If you’d like to hurtle face-first into electronic music, the Oasis Festival takes over a patch of desert just outside of central Marrakech for three days each year, drawing an enormous crowd of techno kids from all corners of the world. Roped off with string lights and lanterns, the festival is something of a cultural microcosm of its city: Street vendors and local food suppliers line the walkways, native artists and designers curate tents, and art galleries set up temporary installations (last year, MACAAL was present). For visitors, it’s a concentrated hit of Marrakech’s ever-changing art scene.
“The festival takes all these people who love to dance, and talk, and make art, and stay out all night — and it puts them into this one space together: Marrakech,” Bendriouich told me, while still pantsless, puttering around the tent he’d designed for 2018’s festival. “We’re a city of creators, and we’re always looking for an audience.”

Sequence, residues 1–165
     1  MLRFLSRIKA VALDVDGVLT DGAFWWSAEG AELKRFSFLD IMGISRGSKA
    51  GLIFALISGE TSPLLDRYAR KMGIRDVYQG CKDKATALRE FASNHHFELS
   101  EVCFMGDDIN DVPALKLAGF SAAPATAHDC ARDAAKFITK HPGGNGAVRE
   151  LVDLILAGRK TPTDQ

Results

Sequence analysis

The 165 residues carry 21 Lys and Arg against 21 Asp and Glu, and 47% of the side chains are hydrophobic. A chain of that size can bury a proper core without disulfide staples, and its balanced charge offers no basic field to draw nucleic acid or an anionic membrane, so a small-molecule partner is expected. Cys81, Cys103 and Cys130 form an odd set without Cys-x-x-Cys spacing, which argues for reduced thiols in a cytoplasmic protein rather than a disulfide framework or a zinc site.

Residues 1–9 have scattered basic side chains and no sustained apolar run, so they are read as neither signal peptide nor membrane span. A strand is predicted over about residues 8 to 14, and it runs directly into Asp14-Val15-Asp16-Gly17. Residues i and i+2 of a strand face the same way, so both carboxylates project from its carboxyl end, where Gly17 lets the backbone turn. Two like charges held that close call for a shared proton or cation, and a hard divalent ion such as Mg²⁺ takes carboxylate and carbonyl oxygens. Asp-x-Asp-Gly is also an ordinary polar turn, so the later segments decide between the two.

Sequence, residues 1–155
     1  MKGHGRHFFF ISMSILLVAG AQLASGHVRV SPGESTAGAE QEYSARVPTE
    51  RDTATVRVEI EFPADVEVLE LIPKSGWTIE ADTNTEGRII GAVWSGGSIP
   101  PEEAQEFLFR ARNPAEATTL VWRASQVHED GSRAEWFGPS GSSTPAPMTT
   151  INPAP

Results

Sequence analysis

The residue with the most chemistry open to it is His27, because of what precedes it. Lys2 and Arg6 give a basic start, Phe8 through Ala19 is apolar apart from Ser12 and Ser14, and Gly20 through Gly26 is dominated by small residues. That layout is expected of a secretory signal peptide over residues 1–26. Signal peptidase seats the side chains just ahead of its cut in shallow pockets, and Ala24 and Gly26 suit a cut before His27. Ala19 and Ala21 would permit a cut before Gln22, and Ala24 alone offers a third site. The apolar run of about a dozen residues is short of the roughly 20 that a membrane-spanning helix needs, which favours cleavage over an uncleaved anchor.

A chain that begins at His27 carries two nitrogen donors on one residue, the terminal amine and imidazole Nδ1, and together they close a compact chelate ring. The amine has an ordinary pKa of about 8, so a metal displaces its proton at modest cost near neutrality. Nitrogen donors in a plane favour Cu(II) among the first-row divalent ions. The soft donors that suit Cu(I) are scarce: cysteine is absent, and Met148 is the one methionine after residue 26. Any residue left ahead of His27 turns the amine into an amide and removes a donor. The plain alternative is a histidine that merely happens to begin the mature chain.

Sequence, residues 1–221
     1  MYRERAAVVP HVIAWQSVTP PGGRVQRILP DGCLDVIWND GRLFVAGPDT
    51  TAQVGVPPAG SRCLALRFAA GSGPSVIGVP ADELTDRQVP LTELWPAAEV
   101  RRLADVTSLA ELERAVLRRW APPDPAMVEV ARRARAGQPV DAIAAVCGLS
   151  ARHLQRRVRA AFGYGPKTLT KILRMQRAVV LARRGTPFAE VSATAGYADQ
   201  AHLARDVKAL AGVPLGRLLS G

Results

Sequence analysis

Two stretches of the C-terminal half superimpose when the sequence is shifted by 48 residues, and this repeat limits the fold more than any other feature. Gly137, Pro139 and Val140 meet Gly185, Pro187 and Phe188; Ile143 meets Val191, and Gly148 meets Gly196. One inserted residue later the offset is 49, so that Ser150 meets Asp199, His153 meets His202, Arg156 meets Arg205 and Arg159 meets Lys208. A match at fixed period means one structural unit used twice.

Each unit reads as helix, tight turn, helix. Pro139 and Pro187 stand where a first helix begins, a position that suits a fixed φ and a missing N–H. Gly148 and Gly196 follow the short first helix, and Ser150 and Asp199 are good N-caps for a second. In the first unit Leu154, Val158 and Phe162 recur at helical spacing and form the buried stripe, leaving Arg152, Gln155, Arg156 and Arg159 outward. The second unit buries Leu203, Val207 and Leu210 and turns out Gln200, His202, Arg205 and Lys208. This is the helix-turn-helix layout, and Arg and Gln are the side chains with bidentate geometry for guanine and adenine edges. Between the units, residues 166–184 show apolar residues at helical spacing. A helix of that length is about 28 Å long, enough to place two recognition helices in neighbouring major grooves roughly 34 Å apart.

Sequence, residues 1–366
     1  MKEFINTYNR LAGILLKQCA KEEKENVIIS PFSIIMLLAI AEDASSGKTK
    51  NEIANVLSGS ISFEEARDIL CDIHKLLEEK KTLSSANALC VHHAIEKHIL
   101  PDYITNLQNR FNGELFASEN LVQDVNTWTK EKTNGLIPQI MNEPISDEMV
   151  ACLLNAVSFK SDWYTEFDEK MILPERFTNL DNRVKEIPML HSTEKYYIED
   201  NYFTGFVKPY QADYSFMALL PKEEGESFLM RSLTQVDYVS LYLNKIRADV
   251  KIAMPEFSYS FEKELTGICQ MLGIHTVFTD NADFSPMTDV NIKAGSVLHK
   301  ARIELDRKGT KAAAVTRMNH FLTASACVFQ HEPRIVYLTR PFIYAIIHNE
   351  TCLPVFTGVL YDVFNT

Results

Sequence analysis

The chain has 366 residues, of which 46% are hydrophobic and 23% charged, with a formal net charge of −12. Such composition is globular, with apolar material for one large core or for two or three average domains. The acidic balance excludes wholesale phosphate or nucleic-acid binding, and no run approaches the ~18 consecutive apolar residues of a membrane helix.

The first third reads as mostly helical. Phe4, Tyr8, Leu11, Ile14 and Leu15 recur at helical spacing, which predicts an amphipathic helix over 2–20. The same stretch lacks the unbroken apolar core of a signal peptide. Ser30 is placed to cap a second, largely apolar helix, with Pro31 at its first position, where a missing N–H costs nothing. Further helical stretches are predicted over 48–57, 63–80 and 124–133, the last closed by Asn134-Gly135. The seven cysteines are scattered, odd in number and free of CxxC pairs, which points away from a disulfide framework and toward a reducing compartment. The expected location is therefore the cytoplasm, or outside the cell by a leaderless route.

Once the panel concluded, I watched as he skipped off to join the nearest DJ behind his stand, uninvited, gyrating his hips to the thud of the bass. I nodded along quietly, flanked on one side by an Algerian photographer, and on the other by a gaggle of Moroccan students. I admired how dynamic it felt to be surrounded — from all angles — by locals devising the culture of their own city.